gathering...

Saturday, March 4, 2017
...up donated plants, marshalling the troops, as it were. Getting ready to do the planting I have been pondering across the street, near the entrance to the Golf Course. The harsh reality of the truth is more apparent each day this project drags on. When I first went over to talk to the course supervisor he readily admitted that all his budget is used for things that enhance the actual playing surface of golf. Of necessity, areas where golfers park their vehicles, and asphalt is blistering in summer heat, are at best neglected, or more likely ignored.

I've been asking fellow plant lovers for perennials they have that might need dividing, knowing that early spring is the best time to dig, divide, share. A friend offered Stokes Aster, another said she had some yellow daisies. I have lots of little white early-blooming daisies I can dig and quickly relocate.

I dreamed up/pencil sketched/drew a sort of plan and left it for the landscape guy, and already have no idea what I suggested, other than a couple of large crepe myrtles. Hoping more of the digging cohorts will come up with donations as they begin to get out and poke around in the warming sunshine. I've also dug up a number of agapanthus from the few starts from south GA years ago, as well as a bunches of snowdrop bulbs that originally came from my grandmother. Plus there are several volunteers/children of the butterfly bush also imported from south GA., that are remarkably prolific in the leaf mulch here. Pretty heat tolerant, if they will just get through the first summer.

All enough to get over there, hauling my donations in my wheel barrow and start putting things in the ground.  My contact guy has agreed to supply labor, and mulch. My biggest concern at this point is keeping them watered long enough to get established. I know there is irrigation, but do not know how effective it will be in the areas where I propose to plant, provide colorful bloomers that will perform from spring till fall.

Spent about five hours digging holes, getting the little starter plants from my yard in the ground on Thursday morning. I had plenty of help with several trusty guys who did the hard part, digging out roots, clearing the aggressive privet out from the area I wanted to plant. Lots of smilax where some lorapetalum was growing, now uprooted and relocated. It was a very productive day - I just hope the things will either get rained on or watered well enough to survive transplanting.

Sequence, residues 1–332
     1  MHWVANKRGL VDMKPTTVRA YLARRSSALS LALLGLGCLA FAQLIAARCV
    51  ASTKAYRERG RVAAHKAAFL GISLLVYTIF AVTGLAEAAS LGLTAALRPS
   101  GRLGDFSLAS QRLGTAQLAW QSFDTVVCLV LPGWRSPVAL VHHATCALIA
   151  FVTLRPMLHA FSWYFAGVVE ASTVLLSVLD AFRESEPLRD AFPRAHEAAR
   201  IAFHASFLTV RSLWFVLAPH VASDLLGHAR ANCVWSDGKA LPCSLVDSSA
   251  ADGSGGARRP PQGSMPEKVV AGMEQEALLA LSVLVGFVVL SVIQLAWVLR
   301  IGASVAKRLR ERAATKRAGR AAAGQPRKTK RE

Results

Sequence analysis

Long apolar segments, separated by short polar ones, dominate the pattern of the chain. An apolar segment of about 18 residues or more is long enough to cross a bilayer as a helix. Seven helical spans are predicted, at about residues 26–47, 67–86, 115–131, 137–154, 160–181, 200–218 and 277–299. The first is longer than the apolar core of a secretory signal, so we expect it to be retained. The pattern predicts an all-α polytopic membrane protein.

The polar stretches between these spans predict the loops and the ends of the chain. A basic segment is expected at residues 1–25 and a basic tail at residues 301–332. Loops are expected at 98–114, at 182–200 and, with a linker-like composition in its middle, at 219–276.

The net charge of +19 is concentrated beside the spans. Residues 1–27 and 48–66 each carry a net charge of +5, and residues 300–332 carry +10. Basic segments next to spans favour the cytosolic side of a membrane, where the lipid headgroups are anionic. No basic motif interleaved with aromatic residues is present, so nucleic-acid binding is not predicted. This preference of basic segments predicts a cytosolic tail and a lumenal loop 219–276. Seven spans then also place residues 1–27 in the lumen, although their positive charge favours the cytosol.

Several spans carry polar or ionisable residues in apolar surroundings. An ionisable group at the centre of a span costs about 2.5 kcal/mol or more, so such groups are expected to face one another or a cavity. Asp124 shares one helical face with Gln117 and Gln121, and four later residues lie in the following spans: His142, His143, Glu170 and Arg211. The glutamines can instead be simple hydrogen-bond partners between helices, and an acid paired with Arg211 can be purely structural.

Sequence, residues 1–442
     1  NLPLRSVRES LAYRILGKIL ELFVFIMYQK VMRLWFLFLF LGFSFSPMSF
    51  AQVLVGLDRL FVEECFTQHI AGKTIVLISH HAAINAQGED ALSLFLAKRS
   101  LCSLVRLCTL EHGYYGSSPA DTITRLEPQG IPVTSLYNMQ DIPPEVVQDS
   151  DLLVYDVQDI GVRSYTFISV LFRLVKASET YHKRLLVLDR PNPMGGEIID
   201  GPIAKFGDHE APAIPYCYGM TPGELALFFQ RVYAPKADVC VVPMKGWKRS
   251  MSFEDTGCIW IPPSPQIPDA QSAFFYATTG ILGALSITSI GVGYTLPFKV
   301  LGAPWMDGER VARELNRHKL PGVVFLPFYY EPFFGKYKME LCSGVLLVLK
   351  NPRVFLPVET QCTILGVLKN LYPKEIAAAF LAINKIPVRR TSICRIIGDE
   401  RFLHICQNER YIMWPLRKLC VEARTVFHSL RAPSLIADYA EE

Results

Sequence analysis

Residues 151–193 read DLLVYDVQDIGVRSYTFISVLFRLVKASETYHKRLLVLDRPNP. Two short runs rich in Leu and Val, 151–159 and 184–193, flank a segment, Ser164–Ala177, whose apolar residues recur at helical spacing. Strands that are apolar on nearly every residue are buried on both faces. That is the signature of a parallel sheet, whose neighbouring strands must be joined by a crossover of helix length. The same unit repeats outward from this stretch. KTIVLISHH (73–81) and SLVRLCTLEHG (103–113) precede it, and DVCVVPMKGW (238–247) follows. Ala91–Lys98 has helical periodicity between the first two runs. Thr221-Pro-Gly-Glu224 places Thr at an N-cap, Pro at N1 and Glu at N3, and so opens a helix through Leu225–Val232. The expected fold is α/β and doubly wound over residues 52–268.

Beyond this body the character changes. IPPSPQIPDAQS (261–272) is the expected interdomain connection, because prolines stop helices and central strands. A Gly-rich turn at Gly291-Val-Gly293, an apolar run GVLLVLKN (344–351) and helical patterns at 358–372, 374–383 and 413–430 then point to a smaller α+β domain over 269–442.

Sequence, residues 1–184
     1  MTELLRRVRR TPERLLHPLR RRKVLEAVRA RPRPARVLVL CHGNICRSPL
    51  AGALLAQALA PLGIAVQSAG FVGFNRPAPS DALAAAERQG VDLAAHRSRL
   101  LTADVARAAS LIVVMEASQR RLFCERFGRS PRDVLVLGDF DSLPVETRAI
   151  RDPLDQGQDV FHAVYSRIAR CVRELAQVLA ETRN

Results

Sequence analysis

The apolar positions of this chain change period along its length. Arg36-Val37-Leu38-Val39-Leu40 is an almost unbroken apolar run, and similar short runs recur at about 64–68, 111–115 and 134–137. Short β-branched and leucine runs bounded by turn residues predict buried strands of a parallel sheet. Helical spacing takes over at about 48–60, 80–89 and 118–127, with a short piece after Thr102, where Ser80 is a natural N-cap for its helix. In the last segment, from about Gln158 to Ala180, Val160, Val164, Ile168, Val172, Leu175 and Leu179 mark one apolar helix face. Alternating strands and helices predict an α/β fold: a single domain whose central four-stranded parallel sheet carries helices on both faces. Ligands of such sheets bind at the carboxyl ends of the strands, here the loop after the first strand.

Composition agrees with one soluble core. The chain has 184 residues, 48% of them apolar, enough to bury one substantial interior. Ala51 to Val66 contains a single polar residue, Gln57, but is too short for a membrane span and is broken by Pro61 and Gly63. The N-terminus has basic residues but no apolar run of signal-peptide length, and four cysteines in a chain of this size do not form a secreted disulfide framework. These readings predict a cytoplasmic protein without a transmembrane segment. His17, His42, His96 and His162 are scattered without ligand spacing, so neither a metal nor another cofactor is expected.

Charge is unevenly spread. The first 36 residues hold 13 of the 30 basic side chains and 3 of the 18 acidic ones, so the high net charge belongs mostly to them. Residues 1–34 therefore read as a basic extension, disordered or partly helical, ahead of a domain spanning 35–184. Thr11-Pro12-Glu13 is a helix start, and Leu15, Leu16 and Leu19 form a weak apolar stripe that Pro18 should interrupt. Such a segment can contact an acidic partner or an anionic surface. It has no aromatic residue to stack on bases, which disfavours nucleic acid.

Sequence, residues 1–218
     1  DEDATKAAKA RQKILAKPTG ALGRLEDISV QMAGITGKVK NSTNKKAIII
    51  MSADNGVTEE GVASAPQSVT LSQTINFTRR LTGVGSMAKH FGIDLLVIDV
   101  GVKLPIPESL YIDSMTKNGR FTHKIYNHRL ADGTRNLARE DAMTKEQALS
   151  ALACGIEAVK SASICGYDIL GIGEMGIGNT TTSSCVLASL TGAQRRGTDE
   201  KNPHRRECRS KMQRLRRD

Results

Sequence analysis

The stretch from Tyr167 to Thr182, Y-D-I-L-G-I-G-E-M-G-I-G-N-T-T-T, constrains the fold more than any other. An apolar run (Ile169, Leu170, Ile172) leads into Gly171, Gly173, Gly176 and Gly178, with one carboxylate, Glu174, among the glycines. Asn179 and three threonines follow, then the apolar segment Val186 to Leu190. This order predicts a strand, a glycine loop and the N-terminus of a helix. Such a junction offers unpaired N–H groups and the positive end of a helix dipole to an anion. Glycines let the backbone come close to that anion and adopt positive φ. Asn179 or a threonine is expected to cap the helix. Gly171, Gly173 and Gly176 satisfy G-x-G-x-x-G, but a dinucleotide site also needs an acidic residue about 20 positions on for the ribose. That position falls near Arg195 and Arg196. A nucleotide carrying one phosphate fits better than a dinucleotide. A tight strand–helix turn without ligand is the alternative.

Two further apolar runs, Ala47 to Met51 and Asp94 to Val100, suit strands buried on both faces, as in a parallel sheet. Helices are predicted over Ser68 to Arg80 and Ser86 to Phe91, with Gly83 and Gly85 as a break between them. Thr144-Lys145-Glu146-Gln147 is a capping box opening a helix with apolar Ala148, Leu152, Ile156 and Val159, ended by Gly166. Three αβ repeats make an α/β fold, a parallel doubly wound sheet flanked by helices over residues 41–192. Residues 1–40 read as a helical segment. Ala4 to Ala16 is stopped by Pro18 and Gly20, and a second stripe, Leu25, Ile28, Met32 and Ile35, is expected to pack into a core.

driving across south GA...

...in the early morning light last Wednesday. I love to be out there, puttering along as the sun comes up across the fallow fields and pastures, slanting through the piney woods and palmetto scrub. Especailly this time of year, as the landscape is coming to life after the dormancy of winter. There is always a lot of green out in the woods, with volunteer red cedars and pine trees, so the scenery is never as colorless as it would be in other places.

To see the trees that have been bare, leafless, gray and looking completely dead in the winter months, suddenly showing signs of life as they awaken is always a treat. Maple trees in low-lying areas, putting out their tiny leaves, buds unfurling in shades of rose and rust. Redbuds, volunteering out in the understory, providing spots of color, among the acres of planted pines randomly blooming with tiny lavendar flowers along limbs of drab gray twigs. Soft shades of lightest green as leaves reach for warming sunlight after months of barren limbs.

Startlingly bright yellow tubular blooms of Carolina jasmine twining into the tops of trees, vines growing sunward. Brilliant yellow of undesirables blooming in fields as farmers begin to till and prepare their land for planting. Purple of native verbena blooming in the median and along the right of way. New life abounds as the world turns and seasons change...

do you want to....


... know how my team did at the fundraiser Trivia Bee on Tuesday night? Me too. I have (nearly) no idea how we finished in the standings - other than 'way down on the list of competitors. Thought we should have gotten some recognition for the decorations on our table.  But I do not think we left with any sort of awards, or consolation prices, or raffle winnings. I know the whole event was designed to be fun, and provide financial support for the Literacy Alliance, but we were lucky to get out the door with full head of hair, and pride intact. The questions, researched by a local librarian, and read by a local news personality,were frustratingly obscure.